PLEASE NOTE: This is an archived course and if you are joining late, you will not be able to earn a Statement of Accomplishment. If you would like to earn a Statement of Accomplishment, a self paced version has been released and is available here.
About This Course
This course teaches scientists to become more effective writers, using practical examples and exercises. Topics include: principles of good writing, tricks for writing faster and with less anxiety, the format of a scientific manuscript, and issues in publication and peer review. Students from non-science disciplines can benefit from the training provided in the first four weeks (on general principles of effective writing).
In the first four weeks, we will review principles of effective writing, examples of good and bad writing, and tips for making the writing process easier. In the second four weeks, we will examine issues specific to scientific writing, including: authorship, peer review, the format of an original manuscript, and communicating science for lay audiences. Students will watch video lectures, complete quizzes and editing exercises, write two short papers, and edit each others’ work.
Week 1 - Introduction; principles of effective writing (cutting unnecessary clutter)
Week 2 - Principles of effective writing (verbs)
Week 3 - Crafting better sentences and paragraphs
Week 4 - Organization; and streamlining the writing process
Week 5 - The format of an original manuscript
Week 6 - Reviews, commentaries, and opinion pieces; and the publication process
Week 7 - Issues in scientific writing (plagiarism, authorship, ghostwriting, reproducible research)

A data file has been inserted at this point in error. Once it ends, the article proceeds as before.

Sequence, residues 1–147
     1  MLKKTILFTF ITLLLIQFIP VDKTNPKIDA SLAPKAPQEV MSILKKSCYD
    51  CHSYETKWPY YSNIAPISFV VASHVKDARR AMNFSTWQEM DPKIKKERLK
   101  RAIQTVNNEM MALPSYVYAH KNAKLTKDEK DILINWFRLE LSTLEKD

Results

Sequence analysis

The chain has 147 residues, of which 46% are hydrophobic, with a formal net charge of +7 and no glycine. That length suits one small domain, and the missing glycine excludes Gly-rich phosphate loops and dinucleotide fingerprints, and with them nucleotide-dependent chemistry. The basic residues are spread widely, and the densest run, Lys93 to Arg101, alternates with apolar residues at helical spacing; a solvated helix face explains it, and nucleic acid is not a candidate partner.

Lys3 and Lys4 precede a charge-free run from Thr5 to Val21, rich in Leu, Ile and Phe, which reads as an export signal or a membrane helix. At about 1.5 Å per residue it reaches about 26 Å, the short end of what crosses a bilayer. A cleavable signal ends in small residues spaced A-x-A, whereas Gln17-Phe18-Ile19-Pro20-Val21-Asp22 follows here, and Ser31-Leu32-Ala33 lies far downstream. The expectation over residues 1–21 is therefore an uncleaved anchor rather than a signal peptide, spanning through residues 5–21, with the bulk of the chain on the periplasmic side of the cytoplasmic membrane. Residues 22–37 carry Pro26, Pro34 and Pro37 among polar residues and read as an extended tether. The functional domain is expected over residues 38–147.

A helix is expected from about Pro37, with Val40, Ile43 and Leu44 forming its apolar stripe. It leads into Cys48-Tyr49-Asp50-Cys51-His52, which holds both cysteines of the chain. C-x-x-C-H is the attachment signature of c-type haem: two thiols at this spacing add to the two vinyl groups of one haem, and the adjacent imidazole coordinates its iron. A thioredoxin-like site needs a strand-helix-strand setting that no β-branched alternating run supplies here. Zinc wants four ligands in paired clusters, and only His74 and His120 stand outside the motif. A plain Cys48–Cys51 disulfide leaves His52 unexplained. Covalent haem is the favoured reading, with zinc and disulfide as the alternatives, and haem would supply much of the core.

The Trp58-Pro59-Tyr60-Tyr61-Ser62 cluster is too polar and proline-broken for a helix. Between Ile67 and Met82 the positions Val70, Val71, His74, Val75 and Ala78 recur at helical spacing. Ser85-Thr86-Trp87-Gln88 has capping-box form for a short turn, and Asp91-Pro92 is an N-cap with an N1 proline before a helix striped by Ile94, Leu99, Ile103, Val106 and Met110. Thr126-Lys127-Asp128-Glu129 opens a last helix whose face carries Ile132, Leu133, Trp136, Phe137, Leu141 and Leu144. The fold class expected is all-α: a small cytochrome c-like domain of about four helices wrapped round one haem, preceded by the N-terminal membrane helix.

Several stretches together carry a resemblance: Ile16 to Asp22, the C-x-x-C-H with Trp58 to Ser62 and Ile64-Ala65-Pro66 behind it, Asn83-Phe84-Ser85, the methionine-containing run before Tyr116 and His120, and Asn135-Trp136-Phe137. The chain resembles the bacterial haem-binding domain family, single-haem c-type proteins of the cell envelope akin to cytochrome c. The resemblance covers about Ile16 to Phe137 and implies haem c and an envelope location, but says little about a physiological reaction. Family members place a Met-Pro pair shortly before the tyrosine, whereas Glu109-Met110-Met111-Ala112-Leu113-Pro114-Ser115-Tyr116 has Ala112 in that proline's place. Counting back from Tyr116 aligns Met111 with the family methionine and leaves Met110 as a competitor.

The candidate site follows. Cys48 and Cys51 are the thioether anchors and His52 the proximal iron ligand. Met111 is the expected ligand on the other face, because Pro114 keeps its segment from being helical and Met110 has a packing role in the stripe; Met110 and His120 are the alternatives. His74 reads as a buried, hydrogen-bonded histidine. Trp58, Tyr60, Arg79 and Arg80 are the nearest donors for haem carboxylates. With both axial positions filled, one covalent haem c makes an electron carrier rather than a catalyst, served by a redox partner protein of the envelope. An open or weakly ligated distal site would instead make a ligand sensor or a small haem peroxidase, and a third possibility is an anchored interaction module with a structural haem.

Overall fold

Week 8 - How to do a peer review; and how to communicate with the lay public
Kristin Sainani (née Cobb) is a clinical assistant professor at Stanford University and also a health and science writer. After receiving an MS in statistics and PhD in epidemiology from Stanford University, she studied science writing at the University of California, Santa Cruz. She writes about science for a range of audiences, including authoring the health column Body News for Allure magazine and the statistics column Statistically Speaking for the journal Physical Medicine & Rehabilitation. Dr. Sainani has previously taught "Writing in the Sciences" on Coursera and OpenEdX; and "Statistics in Medicine" on OpenEdX.
Pooja Yesantharao (TA)
Pooja Yesantharao graduated with a Bachelor of Science in Biochemistry and Cell Biology from Rice University in 2015. As a current MS student in Epidemiology and Clinical Research, she is studying the genetic mechanisms behind squamous cell carcinoma (SCC), to better understand how human leukocyte antigen genes can modulate SCC risk. As an aspiring physician-scientist, Pooja is passionate about the use of epidemiology to inform health policy and evidence-based medicine, and she enjoys working as a Teaching Assistant. Beyond her academic career, Pooja loves playing tennis, reading, and teaching her pet parrot how to speak.